August 10, 2022
This is How Russia Wants to Save Its Aviation Sector
Airlines Industry

This is How Russia Wants to Save Its Aviation Sector

DALLAS – At a cabinet meeting at the end of June, the Russian Minister of Industry and Trade announced that the country’s aviation sector was to produce around 1,000 brand-new passenger aircraft by the year 2030.

The figure likely includes both modern designs like the Irkut MC-21 and Sukhoi SSJ-100 as well as vintage aircraft like the Tu-204 and Il-96 from the Soviet era.

The objective is, of course, to replace imported Airbus, Boeing, or Embraer equipment with domestically produced parts.

The ambitious initiative demonstrates that the Kremlin thinks Russia will continue to be economically cut off from the West for a very long time. As part of their sanctions against Russia, the West banned the delivery of aircraft and spare parts, as well as maintenance services to the country, with Russian aviation severely affected as a result.

Prior to Russia’s invasion of Ukraine, airlines like Aeroflot (SU) and S7 primarily relied on aircraft and components made by the aforementioned Western manufacturers.

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Russia Government RA-64057 Tupolev Tu-204-300. Photo: John Leivaditis/Airways

Russia to Resurrect a Further 11 Aircraft from Boneyards


In the meantime, Russia’s United Aircraft Company will make another 11 retired aircraft airworthy and deliver them to Russian airlines. According to aerotime.aero, Passenger carrier, Red Wings Airlines (WZ) and Volga-Dnepr Airlines (VI) and Aviastar-TU (4B), two cargo airlines, are set to get the planes.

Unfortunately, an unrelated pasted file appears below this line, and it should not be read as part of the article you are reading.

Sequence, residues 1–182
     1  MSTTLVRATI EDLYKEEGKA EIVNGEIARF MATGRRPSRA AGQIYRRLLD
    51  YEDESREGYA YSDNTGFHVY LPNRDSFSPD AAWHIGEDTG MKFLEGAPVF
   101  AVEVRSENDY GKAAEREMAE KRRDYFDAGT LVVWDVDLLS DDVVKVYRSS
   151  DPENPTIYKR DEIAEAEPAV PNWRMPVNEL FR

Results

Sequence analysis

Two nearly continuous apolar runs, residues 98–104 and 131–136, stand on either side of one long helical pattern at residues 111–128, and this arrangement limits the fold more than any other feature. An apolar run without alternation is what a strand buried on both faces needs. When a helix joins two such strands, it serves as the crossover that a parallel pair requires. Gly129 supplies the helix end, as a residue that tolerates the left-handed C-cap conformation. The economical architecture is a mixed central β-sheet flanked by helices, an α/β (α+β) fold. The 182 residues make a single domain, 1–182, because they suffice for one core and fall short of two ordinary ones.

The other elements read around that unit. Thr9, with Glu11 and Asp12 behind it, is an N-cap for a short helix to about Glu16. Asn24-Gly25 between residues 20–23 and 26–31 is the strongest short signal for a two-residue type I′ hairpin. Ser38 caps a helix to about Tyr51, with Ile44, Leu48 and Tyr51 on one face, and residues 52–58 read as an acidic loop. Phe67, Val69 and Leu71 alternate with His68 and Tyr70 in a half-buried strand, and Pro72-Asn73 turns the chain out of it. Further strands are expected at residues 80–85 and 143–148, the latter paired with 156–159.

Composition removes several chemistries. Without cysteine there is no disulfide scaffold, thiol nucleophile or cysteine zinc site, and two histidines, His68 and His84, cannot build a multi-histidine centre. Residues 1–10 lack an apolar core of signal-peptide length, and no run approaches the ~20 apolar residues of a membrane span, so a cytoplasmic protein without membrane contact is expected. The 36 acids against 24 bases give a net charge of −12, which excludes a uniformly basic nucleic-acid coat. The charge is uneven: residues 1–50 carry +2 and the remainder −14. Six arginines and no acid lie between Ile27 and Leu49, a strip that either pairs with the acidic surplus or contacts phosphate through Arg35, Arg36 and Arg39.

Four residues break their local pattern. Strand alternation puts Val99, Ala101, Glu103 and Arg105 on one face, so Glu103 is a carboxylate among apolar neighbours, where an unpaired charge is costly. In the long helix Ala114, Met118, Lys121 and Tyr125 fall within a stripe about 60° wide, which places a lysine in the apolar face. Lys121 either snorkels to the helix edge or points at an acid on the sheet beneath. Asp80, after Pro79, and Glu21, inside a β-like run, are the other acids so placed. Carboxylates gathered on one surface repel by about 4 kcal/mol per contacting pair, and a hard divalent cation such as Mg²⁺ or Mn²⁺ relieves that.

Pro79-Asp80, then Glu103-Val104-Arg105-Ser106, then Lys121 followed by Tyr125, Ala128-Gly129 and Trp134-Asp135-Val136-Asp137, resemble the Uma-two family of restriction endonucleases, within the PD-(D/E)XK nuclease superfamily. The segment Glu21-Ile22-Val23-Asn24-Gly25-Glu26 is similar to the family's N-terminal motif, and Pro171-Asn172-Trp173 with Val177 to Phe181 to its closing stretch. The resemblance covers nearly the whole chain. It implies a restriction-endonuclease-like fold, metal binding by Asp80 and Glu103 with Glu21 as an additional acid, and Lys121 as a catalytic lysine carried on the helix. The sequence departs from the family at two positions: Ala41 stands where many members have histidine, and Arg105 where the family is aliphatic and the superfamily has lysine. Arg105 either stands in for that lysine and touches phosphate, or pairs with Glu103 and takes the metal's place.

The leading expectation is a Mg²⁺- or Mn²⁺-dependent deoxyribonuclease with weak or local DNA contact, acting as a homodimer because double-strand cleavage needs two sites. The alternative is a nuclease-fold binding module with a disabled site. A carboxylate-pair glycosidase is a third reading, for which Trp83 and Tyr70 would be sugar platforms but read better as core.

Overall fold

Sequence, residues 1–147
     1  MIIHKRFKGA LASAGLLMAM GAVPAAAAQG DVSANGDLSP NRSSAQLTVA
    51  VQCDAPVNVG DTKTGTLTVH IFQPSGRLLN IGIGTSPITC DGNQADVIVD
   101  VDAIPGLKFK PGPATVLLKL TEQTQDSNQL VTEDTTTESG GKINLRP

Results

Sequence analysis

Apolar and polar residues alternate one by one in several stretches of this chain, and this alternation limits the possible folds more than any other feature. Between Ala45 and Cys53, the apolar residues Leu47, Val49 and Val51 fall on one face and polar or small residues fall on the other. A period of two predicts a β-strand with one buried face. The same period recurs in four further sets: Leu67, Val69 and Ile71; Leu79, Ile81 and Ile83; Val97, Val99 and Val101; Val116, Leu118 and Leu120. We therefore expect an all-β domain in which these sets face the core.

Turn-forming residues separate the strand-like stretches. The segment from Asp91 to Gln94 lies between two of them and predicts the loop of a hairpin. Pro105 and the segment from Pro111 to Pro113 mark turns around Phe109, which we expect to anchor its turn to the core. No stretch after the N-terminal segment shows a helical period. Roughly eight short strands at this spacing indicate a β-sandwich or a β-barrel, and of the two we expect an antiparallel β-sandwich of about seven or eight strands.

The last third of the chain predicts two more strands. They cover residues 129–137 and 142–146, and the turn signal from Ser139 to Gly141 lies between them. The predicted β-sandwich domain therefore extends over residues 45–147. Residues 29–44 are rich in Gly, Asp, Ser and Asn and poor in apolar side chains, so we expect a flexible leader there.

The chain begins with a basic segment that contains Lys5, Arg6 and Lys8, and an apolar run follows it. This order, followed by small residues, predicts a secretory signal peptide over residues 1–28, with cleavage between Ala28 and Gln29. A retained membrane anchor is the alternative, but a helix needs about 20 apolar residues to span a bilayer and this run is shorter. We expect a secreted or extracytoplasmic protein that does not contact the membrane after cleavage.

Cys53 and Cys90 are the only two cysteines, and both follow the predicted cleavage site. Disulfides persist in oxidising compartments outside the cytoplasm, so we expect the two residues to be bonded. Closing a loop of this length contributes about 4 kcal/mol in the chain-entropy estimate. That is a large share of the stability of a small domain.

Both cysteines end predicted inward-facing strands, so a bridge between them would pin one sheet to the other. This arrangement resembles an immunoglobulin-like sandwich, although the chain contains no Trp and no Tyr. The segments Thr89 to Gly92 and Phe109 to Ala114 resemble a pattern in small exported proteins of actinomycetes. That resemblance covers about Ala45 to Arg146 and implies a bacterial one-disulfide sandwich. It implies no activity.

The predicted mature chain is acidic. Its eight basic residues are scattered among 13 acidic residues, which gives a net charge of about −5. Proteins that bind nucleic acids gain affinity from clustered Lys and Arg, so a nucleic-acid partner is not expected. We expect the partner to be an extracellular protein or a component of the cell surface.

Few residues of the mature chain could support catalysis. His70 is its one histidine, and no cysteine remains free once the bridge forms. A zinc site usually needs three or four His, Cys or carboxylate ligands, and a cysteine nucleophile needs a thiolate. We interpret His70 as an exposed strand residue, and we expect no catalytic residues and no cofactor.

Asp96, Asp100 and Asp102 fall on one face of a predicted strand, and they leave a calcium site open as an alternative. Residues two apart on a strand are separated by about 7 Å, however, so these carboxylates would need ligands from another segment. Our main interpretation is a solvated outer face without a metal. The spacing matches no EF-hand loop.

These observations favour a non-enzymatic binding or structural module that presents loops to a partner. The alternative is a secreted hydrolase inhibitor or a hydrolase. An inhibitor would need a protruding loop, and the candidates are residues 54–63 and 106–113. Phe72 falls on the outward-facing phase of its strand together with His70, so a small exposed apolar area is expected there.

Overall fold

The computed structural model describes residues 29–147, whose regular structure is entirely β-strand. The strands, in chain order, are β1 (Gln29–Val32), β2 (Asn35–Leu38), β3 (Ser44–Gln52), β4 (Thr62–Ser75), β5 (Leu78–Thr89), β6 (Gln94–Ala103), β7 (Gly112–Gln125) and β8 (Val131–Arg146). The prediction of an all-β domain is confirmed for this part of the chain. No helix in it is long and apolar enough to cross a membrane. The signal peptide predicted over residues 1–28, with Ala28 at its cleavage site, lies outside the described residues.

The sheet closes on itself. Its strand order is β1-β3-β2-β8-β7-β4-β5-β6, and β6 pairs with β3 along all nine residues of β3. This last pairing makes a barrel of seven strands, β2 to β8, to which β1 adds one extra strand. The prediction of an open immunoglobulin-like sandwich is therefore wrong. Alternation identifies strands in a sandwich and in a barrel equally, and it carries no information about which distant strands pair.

One Antonov An-124, two Ilyushin Il-96-400Ts, and eight Tupolev Tu-204/214s will be restored, according to a report in the Russian newspaper Vedomosti, which added that the restoration would cost 15.4 billion rubles (US$267m) and be finished by 2024.

Companies with experience flying the same type of aircraft will lease the aircraft. WZ will lease the Tu-204/214 aircraft, VI will acquire the An-124, and 4B will get the Il-96 aircraft.

According to Russian media reports, UAC had already declared its plan to put back into service a number of Tu-204, Il-96, and An-148 aircraft in March 2022, thus launching the endeavor to repair a number of domestically produced aircraft that are currently not airworthy.

The project could act as a stopgap measure until the nation is able to increase domestic aircraft production.

What do you think of the Russian strategy to revive its aviation industry? Be sure to leave your comments on our social media channels.


Featured image: The Russian-made Sukhoi Superjet 100-95B is still flying with many parts from the West that are to be gradually replaced by Russian components. Sukhoi Design Bureau. Photo: Daniel Gorun/Airways

Chief Online Editor
Chief Online Editor at Airways Magazine, AVSEC interpreter and visual artist; grammar geek, an avid fan of aviation, motorcycles, sci-fi literature, and film.

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